is accounted for correctly in all standard errors, despite the fact that profiling is used in the optimization.

3.3 Periodic stationarity

In many instances [4, 7, 9, 12] EE models take a periodic structure with cycles of length , i.e.  and for . They then fall into the large class of periodic autoregressive models. These have found applications in numerous disciplines, see Gardner et al[17] for an overview and Moriña et al[24] for an example from infectious disease epidemiology. A rich body of methodological literature exists; in particular periodic autoregressive moving average (PARMA) models have been studied in much detail, see for instance the works by Lund and Basawa [25, 26].

We now describe how to compute the periodically stationary moments of EE models, a more formal derivation with proofs is given in Appendix B. An

-dimensional vector process

is called periodically stationary in the mean with period if exists and holds for all . The process is called periodically stationary of second order if the same periodicity holds for the autocovariance functions , i.e.  for all

The periodically stationary variances are also denoted by

.

We first consider the univariate formulation

(12)
(13)

where are periodic with period . To relax the AR(1) assumption the lagged conditional mean is included in (13), leading to a periodic version of the negative binomial INGARCH(1, 1) model by Zhu [15]. As mentioned in Section 3.2, this is closely related to a geometric lag structure. To be in line with the existing literature we also allow for periodicity in and the overdispersion parameter . A similar periodic Poisson INGARCH model has been suggested by Bentarzi and Bentarzi [27], stationarity conditions for the negative binomial case are given in work by Aknouche et al [28]. Building on their results the periodically stationary moments for model (12)–(13) can be obtained. To simplify the notation we set for in the following. If , the process is periodically stationary in the mean with period and means

(14)

The process can thus be periodically stationary even if for some . During such periods the process can exhibit strong growth, as is needed to capture seasonal disease outbreaks. Under the stricter condition with the model is second-order periodically stationary with variances

(15)

and autocovariance function

(16)

where . For multivariate models with higher-order lags as in (10)–(11) we can still obtain the periodically stationary means analytically while this turns out to be difficult for the variance/covariance structure. However, it is possible to compute the latter numerically using a recursive relationship, see Appendix B.2 for details.

3.4 Model diagnostics using periodically stationary moments

A common way to check whether a model fits the data well is to consider conditional Pearson residuals

(17)

where are the observed counts. The residuals should be approximately uncorrelated with mean 0 and variance 1. We here suggest a complementary approach where instead of the conditional moments in (17) unconditional, i.e. periodically stationary moments and are used. These are properties purely of the fitted model and no data is re-used in their computation. They are useful to assess if a model has incorporated important properties of the data, such as the seasonal structure. In a first step the periodically stationary moments of a fitted model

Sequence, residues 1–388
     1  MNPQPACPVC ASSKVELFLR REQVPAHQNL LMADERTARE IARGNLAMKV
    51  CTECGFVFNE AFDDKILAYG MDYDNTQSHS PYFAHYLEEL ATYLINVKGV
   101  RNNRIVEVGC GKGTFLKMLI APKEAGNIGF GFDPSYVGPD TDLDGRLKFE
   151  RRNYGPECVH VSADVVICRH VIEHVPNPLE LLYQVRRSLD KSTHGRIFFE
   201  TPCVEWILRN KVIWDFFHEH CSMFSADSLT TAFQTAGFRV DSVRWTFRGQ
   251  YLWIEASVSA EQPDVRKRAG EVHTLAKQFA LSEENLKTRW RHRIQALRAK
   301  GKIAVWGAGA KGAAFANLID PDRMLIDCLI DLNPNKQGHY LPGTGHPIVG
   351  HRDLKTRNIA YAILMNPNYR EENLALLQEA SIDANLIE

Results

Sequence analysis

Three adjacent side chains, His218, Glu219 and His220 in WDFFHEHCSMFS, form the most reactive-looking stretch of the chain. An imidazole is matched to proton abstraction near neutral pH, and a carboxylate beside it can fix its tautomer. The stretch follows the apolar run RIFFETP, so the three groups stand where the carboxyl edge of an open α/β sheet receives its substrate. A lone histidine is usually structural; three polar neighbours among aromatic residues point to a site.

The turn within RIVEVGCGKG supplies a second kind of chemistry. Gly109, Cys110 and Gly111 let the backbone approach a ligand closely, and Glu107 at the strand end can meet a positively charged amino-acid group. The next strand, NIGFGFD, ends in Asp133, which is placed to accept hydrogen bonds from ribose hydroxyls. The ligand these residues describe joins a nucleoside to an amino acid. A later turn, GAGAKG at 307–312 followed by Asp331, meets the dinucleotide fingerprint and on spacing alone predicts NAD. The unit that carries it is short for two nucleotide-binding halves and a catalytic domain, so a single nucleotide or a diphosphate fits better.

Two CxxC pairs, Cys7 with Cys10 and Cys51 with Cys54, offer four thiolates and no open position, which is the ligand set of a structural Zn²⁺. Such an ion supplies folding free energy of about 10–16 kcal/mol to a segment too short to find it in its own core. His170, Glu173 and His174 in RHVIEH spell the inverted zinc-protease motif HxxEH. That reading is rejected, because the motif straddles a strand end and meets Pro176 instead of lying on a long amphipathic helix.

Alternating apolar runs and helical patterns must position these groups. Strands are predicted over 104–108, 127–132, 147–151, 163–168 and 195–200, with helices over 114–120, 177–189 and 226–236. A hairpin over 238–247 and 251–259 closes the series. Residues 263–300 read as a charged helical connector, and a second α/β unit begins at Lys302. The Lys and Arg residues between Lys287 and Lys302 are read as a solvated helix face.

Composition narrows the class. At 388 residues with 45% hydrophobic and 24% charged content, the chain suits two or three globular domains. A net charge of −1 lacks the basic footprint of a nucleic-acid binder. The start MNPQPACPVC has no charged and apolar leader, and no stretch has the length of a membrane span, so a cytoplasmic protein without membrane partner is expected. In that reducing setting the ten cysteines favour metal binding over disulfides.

can be compared visually to the empirical means and standard deviations of the available observations from a given unit

and calendar week :

(18)

Based on these quantities, marginal Pearson residuals

(19)

can be defined and used to identify important deviations. The

should approximately also have mean 0 and variance 1, but are usually correlated. A goodness-of-fit testing procedure can be constructed based on the test statistic

(20)

with . The covariance matrix is straightforward to obtain from the periodically stationary moments of the model . The , being empirical means of

practically independent and identically distributed random variables, follow approximately a normal distribution. Consequently, under the model

, follows approximately a distribution with degrees of freedom. This, however, ignores that we estimated from the data. A possible correction is to reduce the number of degrees of freedom to , but simulation studies indicate that this leads to a somewhat liberal testing procedure. This problem is aggravated as the distributions of the

may still be right-skewed, especially if the data cover only few cycles or if counts are low. We thus suggest a Monte Carlo approach

[29] to obtain the distribution of under model . To this end we simulate repeatedly from , re-fit the model to the simulated data and retain the corresponding values of .

4 Application to case studies

4.1 Model specifications

We now apply the higher-order lag models to the data on norovirus and rotavirus in the twelve districts of Berlin. To model the incidence in districts and weeks W2011-06 to W2017-52 () we use the formulation (10)–(11) with and the power law from equation (3) to describe spatial spread. The overdispersion parameter is shared across districts. For the weights we consider the three forms (6), (8), (9) as well as the simpler AR1 version where . To account for yearly seasonality sine and cosine waves with frequency are included into the endemic and the epidemic parameters:

(21)
(22)

The indicator accounts for reduced case counts during the Christmas holidays (calendar weeks 52 and 1). This effect, quantified by the coefficients and , is often attributed to changes in reporting behaviour or social contact patterns [7]. The intercepts are unit-specific to account for variation between the districts, including heterogeneity in population numbers. The parameters and for seasonality are shared across districts.

In order to explore the role of different model features we study different variants of this model:

  1. the full model as described above

  2. a model without seasonal terms in the epidemic parameters, i.e. setting in (22)